Tuesday, 3 May 2011

Jobs from the past - Number 19

Regular followers of this blog will know that my first post of every month is a "job from the past" so that I can show some of the really good work from years gone by. Here's one from 2006...

RIBA - Crown Estate Conservation Award 2006

The Crown Estate Conservation Award is made to the architects of the best work of conservation which demonstrates successful restoration of an architecturally significant building. The shortlist is selected from the conservation schemes to have won RIBA Awards in that year. The £5000 prize is the most prestigious in conservation architecture and was established in 1998 with The Crown Estate sponsoring it since that year.

The 2005 award was won by Avanti Architects for the conservation of the iconic Grade I listed Isokon apartments in London, NW3 and that is the (superb) image used on the cover of the 2006 awards booklet.
This is not a big flashy job. It's purpose is simply to list the five shortlisted entries. The flat size is 297x315mm folding up to form a 12pp A6 finished size piece. Nothing too elaborate, just functional, well designed and printed. The paper chosen for the job was our Neptune Unique 120gsm. Reproduction is good and it folded well.
Design is by The Small Back Room based in London and the designer on the project was Phillip Southgate (who has since moved and now lives and works near Bristol). Printing was by Crucial Colour based in Tunbridge Wells. The image below shows the 12pp folded out with a folded version placed in the middle:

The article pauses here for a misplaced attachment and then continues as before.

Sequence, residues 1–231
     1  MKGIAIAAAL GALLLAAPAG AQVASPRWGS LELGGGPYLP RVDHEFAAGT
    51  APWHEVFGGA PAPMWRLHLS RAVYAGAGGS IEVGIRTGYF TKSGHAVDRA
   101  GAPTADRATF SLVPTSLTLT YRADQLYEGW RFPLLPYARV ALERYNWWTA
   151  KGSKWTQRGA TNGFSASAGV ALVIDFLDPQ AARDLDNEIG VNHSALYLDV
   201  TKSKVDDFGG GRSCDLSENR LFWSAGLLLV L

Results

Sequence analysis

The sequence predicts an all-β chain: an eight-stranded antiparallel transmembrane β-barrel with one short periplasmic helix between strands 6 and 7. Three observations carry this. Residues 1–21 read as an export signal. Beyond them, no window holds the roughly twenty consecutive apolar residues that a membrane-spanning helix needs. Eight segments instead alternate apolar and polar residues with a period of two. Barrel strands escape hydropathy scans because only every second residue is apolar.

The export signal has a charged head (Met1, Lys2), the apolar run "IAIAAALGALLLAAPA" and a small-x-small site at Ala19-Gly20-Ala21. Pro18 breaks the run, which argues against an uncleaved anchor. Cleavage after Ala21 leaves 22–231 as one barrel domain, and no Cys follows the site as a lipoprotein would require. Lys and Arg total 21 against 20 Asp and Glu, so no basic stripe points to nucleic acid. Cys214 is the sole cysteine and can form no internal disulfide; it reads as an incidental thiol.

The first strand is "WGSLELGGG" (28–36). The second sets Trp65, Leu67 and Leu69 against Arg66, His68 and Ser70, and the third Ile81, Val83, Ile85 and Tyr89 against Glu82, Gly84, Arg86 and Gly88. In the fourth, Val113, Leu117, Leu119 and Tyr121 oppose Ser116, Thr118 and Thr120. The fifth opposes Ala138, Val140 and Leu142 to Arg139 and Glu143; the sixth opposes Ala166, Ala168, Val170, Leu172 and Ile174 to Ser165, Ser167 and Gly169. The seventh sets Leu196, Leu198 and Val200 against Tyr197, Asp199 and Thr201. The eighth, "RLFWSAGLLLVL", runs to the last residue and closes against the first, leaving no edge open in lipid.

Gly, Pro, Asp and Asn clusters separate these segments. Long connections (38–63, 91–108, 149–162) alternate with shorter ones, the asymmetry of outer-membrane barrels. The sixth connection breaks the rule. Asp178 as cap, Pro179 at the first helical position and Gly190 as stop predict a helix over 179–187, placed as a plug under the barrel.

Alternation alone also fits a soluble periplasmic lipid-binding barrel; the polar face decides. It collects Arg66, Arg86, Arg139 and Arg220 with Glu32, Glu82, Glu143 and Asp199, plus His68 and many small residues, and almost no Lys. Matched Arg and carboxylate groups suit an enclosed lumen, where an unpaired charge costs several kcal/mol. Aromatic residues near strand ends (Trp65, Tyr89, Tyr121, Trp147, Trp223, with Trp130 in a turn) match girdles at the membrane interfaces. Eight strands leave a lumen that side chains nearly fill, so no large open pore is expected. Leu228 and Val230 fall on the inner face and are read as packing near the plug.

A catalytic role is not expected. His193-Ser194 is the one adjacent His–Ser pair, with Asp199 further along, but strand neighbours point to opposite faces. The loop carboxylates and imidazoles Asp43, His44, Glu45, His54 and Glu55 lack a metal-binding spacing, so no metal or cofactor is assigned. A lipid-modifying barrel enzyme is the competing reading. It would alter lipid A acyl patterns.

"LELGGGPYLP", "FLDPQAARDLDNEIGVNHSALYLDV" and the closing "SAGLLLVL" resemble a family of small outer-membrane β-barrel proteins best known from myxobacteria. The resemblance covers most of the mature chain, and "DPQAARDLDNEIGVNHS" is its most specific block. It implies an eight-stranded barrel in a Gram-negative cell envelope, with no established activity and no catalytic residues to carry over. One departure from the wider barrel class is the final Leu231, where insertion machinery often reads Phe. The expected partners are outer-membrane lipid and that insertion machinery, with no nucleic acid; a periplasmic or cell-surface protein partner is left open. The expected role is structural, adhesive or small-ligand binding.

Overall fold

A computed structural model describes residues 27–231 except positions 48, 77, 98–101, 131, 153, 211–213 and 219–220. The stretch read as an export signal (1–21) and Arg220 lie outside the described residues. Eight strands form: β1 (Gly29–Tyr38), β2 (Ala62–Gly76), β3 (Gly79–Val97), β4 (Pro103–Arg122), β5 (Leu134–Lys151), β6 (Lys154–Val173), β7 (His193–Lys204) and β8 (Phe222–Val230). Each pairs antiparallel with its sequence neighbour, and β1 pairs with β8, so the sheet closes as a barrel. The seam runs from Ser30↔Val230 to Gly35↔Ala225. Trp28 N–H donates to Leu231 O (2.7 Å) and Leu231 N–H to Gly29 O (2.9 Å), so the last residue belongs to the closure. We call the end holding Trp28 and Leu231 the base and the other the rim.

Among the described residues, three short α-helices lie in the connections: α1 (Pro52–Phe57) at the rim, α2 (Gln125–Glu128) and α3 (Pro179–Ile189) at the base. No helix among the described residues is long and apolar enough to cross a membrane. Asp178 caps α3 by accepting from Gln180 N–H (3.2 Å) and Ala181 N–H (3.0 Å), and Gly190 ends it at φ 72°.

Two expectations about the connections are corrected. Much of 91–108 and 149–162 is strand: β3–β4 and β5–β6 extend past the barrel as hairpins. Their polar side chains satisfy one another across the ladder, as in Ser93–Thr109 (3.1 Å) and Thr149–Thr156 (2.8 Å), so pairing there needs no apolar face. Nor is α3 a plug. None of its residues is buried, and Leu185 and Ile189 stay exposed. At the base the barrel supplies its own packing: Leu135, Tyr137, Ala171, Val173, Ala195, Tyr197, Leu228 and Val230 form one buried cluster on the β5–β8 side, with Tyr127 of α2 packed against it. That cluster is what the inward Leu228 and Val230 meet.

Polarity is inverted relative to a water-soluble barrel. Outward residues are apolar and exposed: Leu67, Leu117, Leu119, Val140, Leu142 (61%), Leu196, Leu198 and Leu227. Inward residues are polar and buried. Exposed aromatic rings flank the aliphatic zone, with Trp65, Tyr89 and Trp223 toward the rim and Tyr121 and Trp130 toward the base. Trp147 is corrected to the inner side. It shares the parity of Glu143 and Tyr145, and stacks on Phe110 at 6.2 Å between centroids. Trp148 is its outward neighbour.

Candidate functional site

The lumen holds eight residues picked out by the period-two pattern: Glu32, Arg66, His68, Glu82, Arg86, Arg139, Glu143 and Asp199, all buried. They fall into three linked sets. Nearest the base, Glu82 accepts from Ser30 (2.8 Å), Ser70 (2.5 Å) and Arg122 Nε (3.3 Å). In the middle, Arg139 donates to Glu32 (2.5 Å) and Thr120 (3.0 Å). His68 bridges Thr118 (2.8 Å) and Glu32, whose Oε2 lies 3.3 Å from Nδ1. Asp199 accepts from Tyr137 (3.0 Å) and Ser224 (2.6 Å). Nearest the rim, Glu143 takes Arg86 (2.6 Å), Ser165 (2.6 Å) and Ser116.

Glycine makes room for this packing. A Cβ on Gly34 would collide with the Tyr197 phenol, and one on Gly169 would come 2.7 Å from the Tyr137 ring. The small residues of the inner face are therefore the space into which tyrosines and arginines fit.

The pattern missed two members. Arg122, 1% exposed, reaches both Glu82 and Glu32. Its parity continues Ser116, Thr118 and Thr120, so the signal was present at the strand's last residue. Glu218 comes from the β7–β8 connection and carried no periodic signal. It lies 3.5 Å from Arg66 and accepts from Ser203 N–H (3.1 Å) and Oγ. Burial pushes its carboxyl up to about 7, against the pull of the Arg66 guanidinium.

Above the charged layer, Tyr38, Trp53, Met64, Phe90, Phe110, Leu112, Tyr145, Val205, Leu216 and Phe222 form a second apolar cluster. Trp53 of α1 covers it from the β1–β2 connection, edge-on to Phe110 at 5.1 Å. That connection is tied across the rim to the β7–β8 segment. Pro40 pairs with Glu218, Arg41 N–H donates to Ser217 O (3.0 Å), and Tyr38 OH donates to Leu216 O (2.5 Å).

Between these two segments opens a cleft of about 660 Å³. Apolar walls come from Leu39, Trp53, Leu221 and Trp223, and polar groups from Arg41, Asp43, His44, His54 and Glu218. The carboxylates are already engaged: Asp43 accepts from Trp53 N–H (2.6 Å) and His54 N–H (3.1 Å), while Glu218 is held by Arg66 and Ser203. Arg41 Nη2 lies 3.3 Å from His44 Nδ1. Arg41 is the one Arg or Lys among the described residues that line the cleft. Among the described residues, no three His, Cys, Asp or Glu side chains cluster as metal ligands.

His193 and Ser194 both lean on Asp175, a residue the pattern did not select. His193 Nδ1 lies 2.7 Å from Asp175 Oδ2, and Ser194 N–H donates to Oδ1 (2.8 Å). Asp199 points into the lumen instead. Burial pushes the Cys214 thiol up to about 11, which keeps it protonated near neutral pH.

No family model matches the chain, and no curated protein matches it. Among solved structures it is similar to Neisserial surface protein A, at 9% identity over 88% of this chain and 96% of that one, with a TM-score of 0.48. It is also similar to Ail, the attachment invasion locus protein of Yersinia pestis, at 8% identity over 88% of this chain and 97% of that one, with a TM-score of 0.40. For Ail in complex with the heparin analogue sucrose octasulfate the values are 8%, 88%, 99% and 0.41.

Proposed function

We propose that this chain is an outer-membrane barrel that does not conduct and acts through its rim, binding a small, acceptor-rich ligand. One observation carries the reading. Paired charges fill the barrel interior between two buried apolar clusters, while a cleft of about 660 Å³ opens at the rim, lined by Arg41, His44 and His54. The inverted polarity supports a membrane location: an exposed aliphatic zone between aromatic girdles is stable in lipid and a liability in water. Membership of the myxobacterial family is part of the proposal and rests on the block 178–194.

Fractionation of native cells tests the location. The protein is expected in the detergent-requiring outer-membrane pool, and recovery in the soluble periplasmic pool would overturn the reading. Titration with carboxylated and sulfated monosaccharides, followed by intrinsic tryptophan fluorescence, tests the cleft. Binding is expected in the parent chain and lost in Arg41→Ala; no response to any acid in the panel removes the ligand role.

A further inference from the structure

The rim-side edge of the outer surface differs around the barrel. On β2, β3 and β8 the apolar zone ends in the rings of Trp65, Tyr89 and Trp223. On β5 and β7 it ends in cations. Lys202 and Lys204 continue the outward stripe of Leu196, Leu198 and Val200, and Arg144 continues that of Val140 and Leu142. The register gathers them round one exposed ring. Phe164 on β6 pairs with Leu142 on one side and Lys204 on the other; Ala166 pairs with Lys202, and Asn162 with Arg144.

...and there's even a small piece of personal interest in the job (for me anyway!). One of the projects (also by Avanti Architects) shortlisted for this award, was the restoration of a Grade II listed modernist house called Harbour Meadow in Birdham.  Originally designed by Peter Moro and Richard Llewelyn Davies in the late 1930s, this was actually built for the grandparents of one of my friends from school - a little known fact is that Peter Moro was interned during the war not least because he was of German descent but also because intelligence officers claimed that the recently constructed house, if viewed from the air, resembled half a Swastika and could be used for navigation by Nazi bombers! Mr. Tawse vouched for him and also persuaded the authorities that the aerial 'half swastika' was a ridiculous idea and the architect was finally released in 1941. You can see more of this house: http://www.avantiarchitects.co.uk/#/proj_9

Harbour Meadow, Birdham
Photo: Nick Kane
RIBA: http://www.architecture.com/
Posted by Justin Hobson 03.05.2011

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Thanks for your comment! If I like it, I'll add it on. Cheers J